A general platform of microstructured elastomeric substrates that amplifies the mechano-sensitivity of flexible and stretchable devices. The microstructured elastomeric substrates are constructed as a pair of mirror-symmetric, tapered microrods with opposing tips separated by a small distance on the surface of polydimethylsiloxane (PDMS).
Recent advances in materials that are surface plasmon resonators and responsive to external stimuli have advanced the development of high-end optical devices, such as:
- active optical components;
- high resolution displays; and
- multiplexed holograms.
In particular, materials that change their properties based on how much they are stretched or compressed are effective at integrating optical and mechanical functionalities.
Current state-of-the-art surface plasmon resonators are not sensitive enough to detect small mechanical deformations needed for the most common applications. This technology solves the problem by locally increasing the deformations at the resonator, which effectively makes the resonator more sensitive to small deformations.
The resonator consists of a lattice of rods embedded in an elastomer positioned between the tips of two tapered rods. As the two rods are pressed together or brought apart, they deform the lattice. Since the metal components are incompressible relative to the elastomer, the elastomer experiences almost all the applied deformation, significantly increasing its strain.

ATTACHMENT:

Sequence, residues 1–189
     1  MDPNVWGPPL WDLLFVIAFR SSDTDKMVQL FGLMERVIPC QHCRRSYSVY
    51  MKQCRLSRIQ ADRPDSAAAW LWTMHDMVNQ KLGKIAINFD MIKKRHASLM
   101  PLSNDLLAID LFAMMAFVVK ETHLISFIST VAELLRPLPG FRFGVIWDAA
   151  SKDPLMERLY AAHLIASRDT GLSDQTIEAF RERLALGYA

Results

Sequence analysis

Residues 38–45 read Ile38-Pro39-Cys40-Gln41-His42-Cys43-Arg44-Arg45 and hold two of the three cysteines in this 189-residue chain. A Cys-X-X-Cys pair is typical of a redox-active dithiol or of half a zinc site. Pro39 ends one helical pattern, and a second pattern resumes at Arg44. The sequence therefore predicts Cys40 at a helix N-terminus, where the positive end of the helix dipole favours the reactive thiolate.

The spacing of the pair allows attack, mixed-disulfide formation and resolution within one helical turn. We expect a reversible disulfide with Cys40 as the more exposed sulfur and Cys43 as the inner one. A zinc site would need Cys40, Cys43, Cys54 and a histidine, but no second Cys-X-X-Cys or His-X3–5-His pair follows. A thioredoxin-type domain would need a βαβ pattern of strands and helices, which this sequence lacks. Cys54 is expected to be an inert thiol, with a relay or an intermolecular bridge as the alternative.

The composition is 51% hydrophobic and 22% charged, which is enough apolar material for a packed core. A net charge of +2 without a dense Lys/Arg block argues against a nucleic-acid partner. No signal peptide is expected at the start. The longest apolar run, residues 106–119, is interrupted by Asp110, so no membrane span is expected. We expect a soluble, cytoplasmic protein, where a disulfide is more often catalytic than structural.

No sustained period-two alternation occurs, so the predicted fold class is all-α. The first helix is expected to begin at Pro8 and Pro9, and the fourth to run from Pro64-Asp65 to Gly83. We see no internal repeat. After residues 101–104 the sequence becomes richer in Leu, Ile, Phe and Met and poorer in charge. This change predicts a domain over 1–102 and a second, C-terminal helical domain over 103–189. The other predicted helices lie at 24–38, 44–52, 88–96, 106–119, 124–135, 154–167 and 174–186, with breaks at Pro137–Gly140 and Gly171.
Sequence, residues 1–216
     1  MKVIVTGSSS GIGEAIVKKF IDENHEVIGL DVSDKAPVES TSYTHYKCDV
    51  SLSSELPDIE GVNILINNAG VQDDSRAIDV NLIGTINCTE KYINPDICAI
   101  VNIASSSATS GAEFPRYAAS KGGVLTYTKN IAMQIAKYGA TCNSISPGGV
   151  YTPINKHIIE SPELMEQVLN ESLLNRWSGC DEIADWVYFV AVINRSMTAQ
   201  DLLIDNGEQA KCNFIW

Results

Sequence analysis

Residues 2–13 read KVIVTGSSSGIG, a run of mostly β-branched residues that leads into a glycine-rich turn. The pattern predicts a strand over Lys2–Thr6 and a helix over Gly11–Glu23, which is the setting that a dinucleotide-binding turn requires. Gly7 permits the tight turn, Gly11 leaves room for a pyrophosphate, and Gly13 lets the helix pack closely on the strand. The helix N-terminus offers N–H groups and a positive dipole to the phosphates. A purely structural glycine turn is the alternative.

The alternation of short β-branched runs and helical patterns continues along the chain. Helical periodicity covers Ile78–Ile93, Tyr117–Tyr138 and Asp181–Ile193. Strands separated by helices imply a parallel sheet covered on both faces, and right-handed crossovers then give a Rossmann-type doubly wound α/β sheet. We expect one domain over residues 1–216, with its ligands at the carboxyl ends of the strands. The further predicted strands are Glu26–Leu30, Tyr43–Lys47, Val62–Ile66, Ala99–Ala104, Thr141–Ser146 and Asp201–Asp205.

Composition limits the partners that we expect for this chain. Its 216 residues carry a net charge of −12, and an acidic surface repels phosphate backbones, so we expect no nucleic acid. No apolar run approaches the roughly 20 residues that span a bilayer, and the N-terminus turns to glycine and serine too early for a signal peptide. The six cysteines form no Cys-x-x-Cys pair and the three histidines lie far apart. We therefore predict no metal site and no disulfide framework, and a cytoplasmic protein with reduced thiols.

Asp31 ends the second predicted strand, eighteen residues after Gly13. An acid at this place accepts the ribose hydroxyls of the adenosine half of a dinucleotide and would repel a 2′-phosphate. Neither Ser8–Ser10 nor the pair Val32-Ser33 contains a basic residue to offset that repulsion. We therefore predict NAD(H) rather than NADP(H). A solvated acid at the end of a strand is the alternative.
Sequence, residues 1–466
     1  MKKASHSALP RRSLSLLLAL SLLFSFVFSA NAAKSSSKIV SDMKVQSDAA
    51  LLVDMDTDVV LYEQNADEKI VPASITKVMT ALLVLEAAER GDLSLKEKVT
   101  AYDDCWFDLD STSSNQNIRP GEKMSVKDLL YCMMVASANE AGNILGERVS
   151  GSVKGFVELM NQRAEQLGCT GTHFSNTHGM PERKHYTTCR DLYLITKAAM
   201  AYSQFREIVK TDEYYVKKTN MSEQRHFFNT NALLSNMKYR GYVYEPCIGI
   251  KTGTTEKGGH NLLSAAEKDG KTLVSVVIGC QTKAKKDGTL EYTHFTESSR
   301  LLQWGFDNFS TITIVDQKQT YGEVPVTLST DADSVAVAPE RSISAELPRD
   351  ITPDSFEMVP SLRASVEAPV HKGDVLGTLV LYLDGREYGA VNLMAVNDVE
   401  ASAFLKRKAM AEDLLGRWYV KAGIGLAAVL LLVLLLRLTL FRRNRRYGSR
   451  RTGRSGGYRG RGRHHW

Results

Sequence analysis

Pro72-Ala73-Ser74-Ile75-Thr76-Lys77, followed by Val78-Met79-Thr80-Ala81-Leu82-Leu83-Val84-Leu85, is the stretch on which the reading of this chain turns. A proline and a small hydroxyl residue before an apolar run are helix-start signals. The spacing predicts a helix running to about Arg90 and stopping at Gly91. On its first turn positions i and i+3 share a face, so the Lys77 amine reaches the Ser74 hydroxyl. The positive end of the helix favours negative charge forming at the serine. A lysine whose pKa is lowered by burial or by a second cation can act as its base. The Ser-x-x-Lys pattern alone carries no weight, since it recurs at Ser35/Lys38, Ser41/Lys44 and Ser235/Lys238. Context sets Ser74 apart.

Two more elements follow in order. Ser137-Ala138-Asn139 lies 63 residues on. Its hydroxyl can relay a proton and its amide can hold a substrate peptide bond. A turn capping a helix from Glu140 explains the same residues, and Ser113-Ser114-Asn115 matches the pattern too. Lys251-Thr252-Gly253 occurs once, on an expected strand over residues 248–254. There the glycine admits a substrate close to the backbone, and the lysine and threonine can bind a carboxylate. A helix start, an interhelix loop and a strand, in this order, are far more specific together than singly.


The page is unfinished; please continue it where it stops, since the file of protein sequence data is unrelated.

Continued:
This amplification can be tuned to a desired value by altering the geometry of the metal-elastomer lattice. The result is a highly sensitive optical sensor or actuator that can detect or be manipulated by externally applied deformations.
A schematic of the fabrication process of the lattice using electron beam lithography (EBL) and elastomer (PDMS) casting.
A schematic of the plasmonic grating with alternating metal – elastomer components.
Finite element analysis modeling of the strain distribution on the metastructure on the surface of the elastomer in response to a 3% applied strain.
- Strain gauges
- Optical lenses
- 10x greater stain sensitivity than other state-of-the-art stretchable surface plasmon lattice techniques.
- Tunable strain amplification
- Material flexibility
Stage of Development:
- Prototypes developed
- Studies are ongoing to extend the proof-of-concept to wearable devices and sensors
Wenxiang Chen, Wenjing Liu, Yijie Jiang, Mingliang Zhang, Naixin Song, Nicholas J. Greybush, Jiacen Guo, Anna K. Estep, Kevin T. Turner, Ritesh Agarwal, and Cherie R. Kagan. ACS Nano 2018 12 (11), 10683-10692. DOI: 10.1021/acsnano.8b04889
Docket # 19-8791